The funds raised will support the Building for Children group’s upcoming trip to Ethiopia in January. This initiative seeks to improve the living conditions of visually impaired children at the Sebeta Blind School, providing them with better facilities and opportunities.


Kenyans top visa applicants from Eastern Africa region in 2022

Kenyan nationals dominated visa applications in the Eastern African region, accounting for almost one-third of the total applications in 2022.

Out of 48,892 applications, 114,282 were approved, indicating a higher-than-average rejection rate of 24 percent.

Compared to other Eastern African countries, Kenya ranked third in terms of visas issued per 100,000 people, with 65 visa holders per 100,000. Kenyans spent €3.9 million on visa application fees, which amounts to over 18 percent of the average annual wage in the country.

Overall, Eastern Africa received 153,757 visa applications, with a rejection rate of 21.8 percent.

Sweden, Spain, the Netherlands, and Italy were the top destinations for Kenyan applicants, with the highest number of applications filed.

Ethiopia had the second-highest number of applications, with 21,099, and a rejection rate of 28.9 percent. Mozambique and Madagascar also had significant application rates, with relatively low rejection rates of 8.9 percent and 30 percent, respectively.

On the other hand, South Sudan, Mauritius, and Eritrea recorded the fewest visa applications in the region, with less than 2,000 applications combined.

(Schengen visa)

Abbas, foreign heads of state to attend ‘peace summit’ in Cairo Saturday

An international meeting is set to convene in Cairo on Saturday to discuss the ongoing conflict between Israel and Hamas in Gaza. The war, which presents a risk of further escalation, has already witnessed exchanges of fire with Lebanon and the interception of missiles from Iranian-backed Houthi forces in Yemen.

This situation has raised concerns among the international community and the Middle East region.

Egypt holds a crucial position in the conflict as it shares a border with Gaza, alongside Israel. Due to Israel’s near-total siege on Gaza, Egypt serves as the sole point of entry for goods and people into and out of the territory.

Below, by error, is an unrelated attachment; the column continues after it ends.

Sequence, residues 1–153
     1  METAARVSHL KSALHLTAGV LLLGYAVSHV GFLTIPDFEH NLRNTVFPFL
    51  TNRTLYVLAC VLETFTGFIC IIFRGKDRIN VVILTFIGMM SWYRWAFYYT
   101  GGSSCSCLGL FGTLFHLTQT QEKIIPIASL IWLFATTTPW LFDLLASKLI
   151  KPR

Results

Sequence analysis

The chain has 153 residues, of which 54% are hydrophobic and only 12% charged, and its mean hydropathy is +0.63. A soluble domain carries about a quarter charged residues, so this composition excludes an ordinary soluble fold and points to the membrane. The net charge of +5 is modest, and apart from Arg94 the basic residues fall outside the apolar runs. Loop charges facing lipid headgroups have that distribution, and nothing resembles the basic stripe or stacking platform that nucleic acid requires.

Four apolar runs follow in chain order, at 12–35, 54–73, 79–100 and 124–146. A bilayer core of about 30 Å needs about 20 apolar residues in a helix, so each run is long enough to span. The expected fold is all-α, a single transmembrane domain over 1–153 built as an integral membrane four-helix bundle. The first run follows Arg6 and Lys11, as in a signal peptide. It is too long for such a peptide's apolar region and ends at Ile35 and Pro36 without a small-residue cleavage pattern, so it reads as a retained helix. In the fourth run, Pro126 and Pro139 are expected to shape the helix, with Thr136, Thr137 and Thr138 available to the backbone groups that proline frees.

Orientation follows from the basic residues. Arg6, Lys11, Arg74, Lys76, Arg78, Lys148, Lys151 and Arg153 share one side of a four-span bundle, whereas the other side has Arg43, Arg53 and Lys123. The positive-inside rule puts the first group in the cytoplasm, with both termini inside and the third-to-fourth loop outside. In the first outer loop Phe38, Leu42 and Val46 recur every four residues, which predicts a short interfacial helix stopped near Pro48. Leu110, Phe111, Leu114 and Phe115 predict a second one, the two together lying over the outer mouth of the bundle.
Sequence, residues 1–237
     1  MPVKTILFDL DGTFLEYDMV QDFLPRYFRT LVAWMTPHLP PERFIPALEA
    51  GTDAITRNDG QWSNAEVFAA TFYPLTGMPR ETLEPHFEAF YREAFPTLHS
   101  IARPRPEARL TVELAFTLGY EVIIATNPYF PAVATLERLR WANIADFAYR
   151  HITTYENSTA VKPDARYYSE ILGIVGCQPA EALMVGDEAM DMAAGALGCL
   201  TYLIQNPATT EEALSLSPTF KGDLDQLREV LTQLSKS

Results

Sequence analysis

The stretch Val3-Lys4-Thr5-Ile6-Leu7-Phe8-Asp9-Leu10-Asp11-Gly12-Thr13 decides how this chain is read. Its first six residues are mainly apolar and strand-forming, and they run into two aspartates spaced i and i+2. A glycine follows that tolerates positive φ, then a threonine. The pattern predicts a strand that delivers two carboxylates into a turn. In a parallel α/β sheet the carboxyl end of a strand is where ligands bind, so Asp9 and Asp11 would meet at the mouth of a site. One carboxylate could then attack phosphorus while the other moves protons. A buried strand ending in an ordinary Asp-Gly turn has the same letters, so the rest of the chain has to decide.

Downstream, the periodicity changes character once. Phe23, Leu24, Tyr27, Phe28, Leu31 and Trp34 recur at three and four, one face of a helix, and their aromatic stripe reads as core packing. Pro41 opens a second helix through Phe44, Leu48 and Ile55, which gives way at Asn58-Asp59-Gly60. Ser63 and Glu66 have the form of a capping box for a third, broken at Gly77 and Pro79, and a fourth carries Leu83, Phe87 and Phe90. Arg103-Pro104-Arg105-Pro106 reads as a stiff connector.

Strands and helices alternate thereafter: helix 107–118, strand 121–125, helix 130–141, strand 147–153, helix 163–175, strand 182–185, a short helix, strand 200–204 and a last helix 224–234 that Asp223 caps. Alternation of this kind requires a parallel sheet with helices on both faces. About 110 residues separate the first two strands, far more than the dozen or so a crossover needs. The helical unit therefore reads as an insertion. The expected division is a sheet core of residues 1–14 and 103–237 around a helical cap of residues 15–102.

However, the Rafah crossing has remained closed since an Israeli air strike early in the war.

Notable participants confirmed for the meeting, often referred to as a ‘peace summit,’ include Palestinian President Mahmoud Abbas, Bahrain’s King Hamad bin Isa Al Khalifa, Cypriot President Nikos Christodoulides, Italian Prime Minister Giorgia Meloni, South African President Cyril Ramaphosa, and French Foreign Minister Catherine Colonna. There is a possibility that French President Emmanuel Macron may also attend.

(The Jerusalem Post)

A stampede in Kenya leaves 4 dead, about 100 injured

A stampede in Kenya during celebrations to mark an annual public holiday killed at least four people on Friday and injured 100 others, authorities said.

The stampede happened when thousands of people struggled to get inside Kericho stadium in western Kenya at dawn, police said. The stadium was the venue for this year’s Mashujaa Day, which means Heroes’ Day in Swahili.

President William Ruto, who addressed thousands of people at the stadium about four hours later, didn’t mention the stampede. He instead dedicated his speech to his plans on a universal health care plan.

It wasn’t clear if Ruto was aware of the stampede when he delivered his remarks.


Project to create the largest database on the African genome afoot

Scientists are embarking on an ambitious project to address the underrepresentation of people of African descent in genetic studies.

The initiative, launched by Meharry Medical College, aims to collect genetic material from 500,000 individuals of African descent to create the world’s largest database of population genomic information.

By building a comprehensive “reference genome,” researchers hope to gain insights into genetic variants that affect Black people, leading to the development of new drugs, diagnostic tests, and a reduction in health disparities.

Pharmaceutical companies including the Regeneron Genetics Center, AstraZeneca, Novo Nordisk, and Roche are providing funding for the project. The Diaspora Human Genomics Institute, a nonprofit established by Meharry, will manage the data.

Currently, less than two percent of genetic information studied comes from individuals of African descent, highlighting the need to close this gap.

Participants will donate blood samples, which will be sent to the Regeneron Genetics Center for genetic sequencing.

The database will be exclusively available to participating institutions, enabling collaborations with other academic institutions.


- Advertisment -

Fresh Topics

Related Articles